The Hampdens Trail
This eight mile walk takes you through undulating farmland and heavily wooded hillsides around the Hampden Bottom valley, one of the least populated and most beautiful parts of the Buckinghamshire Chilterns. You visit remote hillside hamlets and pass through the grounds of the stunning Hampden House.
We strongly recommend using the local 1:25 000 Ordnance Survey map in addition to these instructions.
Most of the area that the walk passes through to the north of Hampden Bottom is protected by a restrictive covenant, a permanent legal agreement between the landowners and the National Trust, which means the land is protected in perpetuity. The land has various private owners, but any changes to the land or the buildings require the prior consent of the National Trust. The route follows public rights of way. Please always follow the Countryside Code.
Little Hampden Common, Great Missenden, Buckinghamshire HP16 9PS
Walk to the end of the parking area away from where you drove in. Just past Yew Tree Cottage, fork left away from the track, following the footpath sign for the South Bucks Way then continue in the same direction through woodland, ignoring crossing paths. 650m after the car park you emerge from the woods, pass through a wooden gate, and reach a crossing farm track coming from an open field to your left, just past a footpath marker.
Turn right to see another South Bucks Way marker post and follow the path just to the left of this post. Almost immediately (after 10-15 metres) fork right on a small path – don’t follow the bigger path/the South Bucks Way to the left. The path is a little indistinct at first but continue parallel to the woodland edge to your right and the path soon becomes clear. Continue in the same direction following yellow or white arrows painted on tree trunks and ignoring any crossing paths. Cross a dry valley and continue in the same direction up and over a small hill and through a partly felled area until you come to a field gate with a road beyond.
Cross the road and go through a gap to the right of a gate. Bear right and uphill following the footpath sign. At the top of the slope bear right to join a path coming from the left then continue through High Scrubs woodland to reach a crossing bridleway. Turn right onto the bridleway on the outskirts of Dunsmore village. Continue on the metalled lane between housing until you reach a crossroads, with the Chapel of the Resurrection diagonally left.
This hilltop hamlet of some 40 dwellings is accessible only by steep, single-track lanes and can be cut off during harsh winter weather. Settlement here dates back to Anglo Saxon times and it is thought that the track through the village was a Medieval packhorse route. Why were the earliest known human settlements in this area, like Dunsmore and Little Hampden, on the hard-to-reach hilltops rather than in the valleys? Part of the reason is probably that ponds could be dug into the layer of clay-with-flints that caps the hillsides to provide a year-round source of water. In contrast, the valley bottoms sit on porous chalk and are almost permanently dry.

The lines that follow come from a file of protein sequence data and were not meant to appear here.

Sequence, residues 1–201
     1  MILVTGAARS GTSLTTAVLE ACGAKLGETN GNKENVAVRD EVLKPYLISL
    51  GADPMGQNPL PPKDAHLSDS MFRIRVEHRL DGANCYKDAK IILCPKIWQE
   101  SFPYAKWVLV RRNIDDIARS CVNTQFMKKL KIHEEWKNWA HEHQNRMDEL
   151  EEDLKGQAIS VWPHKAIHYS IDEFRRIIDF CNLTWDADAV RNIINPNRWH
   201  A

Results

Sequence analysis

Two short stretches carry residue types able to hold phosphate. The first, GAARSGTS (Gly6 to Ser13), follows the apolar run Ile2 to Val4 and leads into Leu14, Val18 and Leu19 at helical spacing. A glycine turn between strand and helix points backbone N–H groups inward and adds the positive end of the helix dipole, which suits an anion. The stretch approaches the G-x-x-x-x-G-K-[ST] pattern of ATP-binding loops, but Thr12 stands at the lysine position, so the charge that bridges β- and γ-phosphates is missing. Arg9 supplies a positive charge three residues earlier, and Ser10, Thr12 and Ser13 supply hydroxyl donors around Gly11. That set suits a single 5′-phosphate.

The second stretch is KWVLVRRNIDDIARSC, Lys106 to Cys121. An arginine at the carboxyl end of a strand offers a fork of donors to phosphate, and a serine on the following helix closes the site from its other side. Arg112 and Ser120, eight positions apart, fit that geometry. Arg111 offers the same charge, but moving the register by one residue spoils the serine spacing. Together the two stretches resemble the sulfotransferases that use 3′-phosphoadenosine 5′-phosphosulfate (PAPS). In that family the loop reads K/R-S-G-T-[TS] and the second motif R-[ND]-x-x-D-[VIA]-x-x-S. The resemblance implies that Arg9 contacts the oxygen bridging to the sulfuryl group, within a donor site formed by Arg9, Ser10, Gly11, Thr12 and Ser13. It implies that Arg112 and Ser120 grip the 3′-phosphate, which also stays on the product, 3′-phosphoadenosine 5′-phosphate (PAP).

Turn right along the road signed towards Kimble and Princes Risborough, passing the village pond on your left. After 100m turn left off the road over a stile by a field gate. Now follow the left (higher) of the two marked footpaths to head diagonally downhill across the fields with views of Dunsmore Old Farm in the valley below. After crossing several stiles turn left onto a joining path, keeping a wooden fence on your right. You soon reach a crossing of paths. Keep going ahead through a conifer plantation, then becoming mixed woodland of Hampdenleaf Wood. Look out for a sawpit and other woodland archaeology. You reach a fork of paths with an open field beyond.
Fork left uphill through woodland then bear left over a crossing path at a footpath marker until you reach another crossing path with open field beyond. Turn right here then continue in the same direction to leave the woodland and join a path between fields that leads you to a road crossing with Cobblershill Farm on your right.
Turn right along the road. Ignore a lane bearing left and a public right of way, and follow the road between hedges until it enters more open farmland on a right bend. Here turn left onto a signposted public footpath. Follow this path through fields keep close to the right-hand hedge. Continue in the same direction through woodland and a further field, once again keeping a hedge to your right until the path enters an open field with an obvious footpath leading down to meet the road in Hampden Bottom. Take care crossing this road and head uphill on Hotley Bottom Lane. After 250m look out for a signposted footpath on the right.
Turn right onto this path which takes you between fields, with far-reaching views over Hampden Bottom, then into the Woodland Trusts’ Pepperboxes Wood. After 50m turn right downhill at a cross-roads of paths until you reach a wooden gate. To the right of the gate go through a gap to enter a wide clearing, The Glade. Go to the centre of the clearing and look left to see Hampden House.
Hampden Bottom Valley